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What's that fasting diet doing to your immune system?

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Three studies have examined the effects of fasting diets on the immune system, and found lengths and types of fasting had different, and sometimes opposite, effects. The first study, which included an Australian researcher, compared a switch from eating on day one to consuming only water on day two in both mice and in humans, and found the number of inflammation-causing cells called monocytes in the blood dropped when fasting. The second cut calorie consumption by half in mice, and found that resulted in increased protection against infections or tumours. The third study looked at the effects on the gut of multiple rounds of water-only fasting in mice, and found it weakened their immune response. The researchers say their work highlights the need to precisely define types of fasting to be able to test the effects more accurately.

Journal/conference: Cell

DOI: 10.1016/j.cell.2019.07.050

Organisation/s: The University of Sydney, Icahn School of Medicine at Mount Sinai, USA, National Institutes of Health, USA, Keio University, Japan

Funder: See individual papers for funding details.

Media Release

From: Cell Press

Peer-reviewed            Observational & Experimental Studies            People & Animals/Mice

Three studies show caloric restriction’s varying effects on the immune system

Three studies about caloric restriction appearing in the journal Cell on August 22 show that more specificity is needed when discussing the effects of fasting and fasting-like diets. The diets studied in the three papers used different lengths and types of fasting and resulted in distinct and sometimes opposite effects on the immune system.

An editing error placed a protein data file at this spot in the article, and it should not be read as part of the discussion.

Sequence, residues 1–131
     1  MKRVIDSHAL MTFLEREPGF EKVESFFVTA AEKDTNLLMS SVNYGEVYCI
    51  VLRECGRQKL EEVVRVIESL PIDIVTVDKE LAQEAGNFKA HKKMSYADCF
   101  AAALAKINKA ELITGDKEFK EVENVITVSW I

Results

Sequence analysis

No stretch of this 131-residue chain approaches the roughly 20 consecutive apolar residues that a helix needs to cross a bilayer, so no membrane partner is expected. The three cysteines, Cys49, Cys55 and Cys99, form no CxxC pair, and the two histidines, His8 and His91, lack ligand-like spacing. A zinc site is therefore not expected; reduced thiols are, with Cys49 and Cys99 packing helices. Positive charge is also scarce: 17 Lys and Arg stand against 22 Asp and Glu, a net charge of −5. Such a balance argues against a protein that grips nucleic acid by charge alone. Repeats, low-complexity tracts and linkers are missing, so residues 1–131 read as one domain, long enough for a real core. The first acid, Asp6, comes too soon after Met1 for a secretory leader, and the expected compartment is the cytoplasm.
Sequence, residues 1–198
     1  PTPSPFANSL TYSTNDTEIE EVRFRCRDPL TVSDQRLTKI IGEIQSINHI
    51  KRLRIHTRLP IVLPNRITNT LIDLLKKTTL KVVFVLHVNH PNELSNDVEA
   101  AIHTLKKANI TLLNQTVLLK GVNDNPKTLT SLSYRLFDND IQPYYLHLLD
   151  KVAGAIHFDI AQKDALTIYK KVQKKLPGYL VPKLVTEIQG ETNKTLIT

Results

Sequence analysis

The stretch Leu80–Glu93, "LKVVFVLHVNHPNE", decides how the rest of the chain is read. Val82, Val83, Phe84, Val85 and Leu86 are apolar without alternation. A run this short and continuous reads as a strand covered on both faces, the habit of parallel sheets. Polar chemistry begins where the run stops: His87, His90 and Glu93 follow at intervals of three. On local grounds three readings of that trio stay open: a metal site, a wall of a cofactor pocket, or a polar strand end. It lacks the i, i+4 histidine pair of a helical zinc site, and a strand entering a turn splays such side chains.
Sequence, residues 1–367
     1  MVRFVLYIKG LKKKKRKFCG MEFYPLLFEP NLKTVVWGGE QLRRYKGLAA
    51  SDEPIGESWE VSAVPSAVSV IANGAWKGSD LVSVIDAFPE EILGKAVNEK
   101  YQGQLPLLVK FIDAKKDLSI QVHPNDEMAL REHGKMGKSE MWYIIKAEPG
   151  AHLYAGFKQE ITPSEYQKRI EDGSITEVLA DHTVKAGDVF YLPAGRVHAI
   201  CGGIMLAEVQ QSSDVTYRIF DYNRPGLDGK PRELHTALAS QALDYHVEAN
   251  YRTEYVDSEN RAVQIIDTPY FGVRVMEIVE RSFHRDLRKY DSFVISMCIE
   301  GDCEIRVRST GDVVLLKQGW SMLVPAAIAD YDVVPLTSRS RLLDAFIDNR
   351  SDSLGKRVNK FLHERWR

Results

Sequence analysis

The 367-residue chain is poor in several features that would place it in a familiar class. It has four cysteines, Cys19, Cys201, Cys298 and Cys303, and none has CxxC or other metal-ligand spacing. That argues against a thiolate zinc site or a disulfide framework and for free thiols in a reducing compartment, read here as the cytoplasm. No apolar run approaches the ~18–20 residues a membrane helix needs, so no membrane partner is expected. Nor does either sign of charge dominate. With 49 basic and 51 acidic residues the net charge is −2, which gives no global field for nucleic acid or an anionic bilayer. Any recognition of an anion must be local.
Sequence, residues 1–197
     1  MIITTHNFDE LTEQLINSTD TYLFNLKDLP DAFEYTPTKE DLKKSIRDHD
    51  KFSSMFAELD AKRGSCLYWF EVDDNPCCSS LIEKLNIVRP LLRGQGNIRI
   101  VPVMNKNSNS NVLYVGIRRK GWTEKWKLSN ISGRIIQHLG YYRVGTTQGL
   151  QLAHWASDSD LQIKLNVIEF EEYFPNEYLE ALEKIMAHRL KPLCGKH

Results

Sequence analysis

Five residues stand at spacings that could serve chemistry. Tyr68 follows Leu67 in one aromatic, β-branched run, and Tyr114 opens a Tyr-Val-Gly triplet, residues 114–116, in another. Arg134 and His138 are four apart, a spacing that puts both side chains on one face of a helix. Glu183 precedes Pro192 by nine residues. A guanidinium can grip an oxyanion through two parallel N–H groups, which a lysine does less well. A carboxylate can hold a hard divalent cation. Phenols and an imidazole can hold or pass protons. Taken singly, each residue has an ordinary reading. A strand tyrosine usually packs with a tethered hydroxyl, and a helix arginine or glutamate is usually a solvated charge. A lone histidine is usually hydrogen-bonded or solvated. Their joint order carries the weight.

Jordan et al. studied the effect of one round of short-term fasting on circulating monocytes.

  • By comparing blood drawn in an “eating state” from day 1 to a “fasting state” on day 2, Jordan et al. found that the short water-only fast reduced the number of pro-inflammatory monocytes in the blood.
  • This study was conducted in humans and mice.

Collins et al. studied the effect of dietary restriction on memory T cells.

  • Collins et al. cut calorie consumption in mice by 50 percent, instead of absolute water-only fasting used in the other two studies.
  • In contrast to the findings of Jordan et al., dietary restriction resulted in increased protection against infections or tumors.

Nagai et al. studied how multiple rounds of water-only fasting affect the gut immune response.

  • Researchers found that mice experienced attenuated immune response after oral immunization.

Because each paper tests the effects of a different kind of fasting, a Preview by Roberta Buono and Valter Longo in the same issue argues that it is time to establish a more specific vocabulary than ‘fasting’ or ‘intermittent fasting,’ for example, 24-hour alternate day fasting (24H ADF) or 12-hour time restricted feeding (12H TRF). They write, “Without these more precise definitions, it will be difficult to generate sufficient data to enhance our understanding of the biology of fasting responses and begin to translate this knowledge into randomized clinical trials.”

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    'Preview' article

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